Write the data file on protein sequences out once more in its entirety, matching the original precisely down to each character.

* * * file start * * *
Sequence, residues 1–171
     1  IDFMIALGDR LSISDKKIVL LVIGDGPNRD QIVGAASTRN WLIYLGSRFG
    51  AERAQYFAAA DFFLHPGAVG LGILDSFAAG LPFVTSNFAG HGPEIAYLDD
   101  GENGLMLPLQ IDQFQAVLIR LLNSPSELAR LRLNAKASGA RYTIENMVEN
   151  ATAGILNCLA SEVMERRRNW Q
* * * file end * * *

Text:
Sequence, residues 1–171
     1  IDFMIALGDR LSISDKKIVL LVIGDGPNRD QIVGAASTRN WLIYLGSRFG
    51  AERAQYFAAA DFFLHPGAVG LGILDSFAAG LPFVTSNFAG HGPEIAYLDD
   101  GENGLMLPLQ IDQFQAVLIR LLNSPSELAR LRLNAKASGA RYTIENMVEN
   151  ATAGILNCLA SEVMERRRNW Q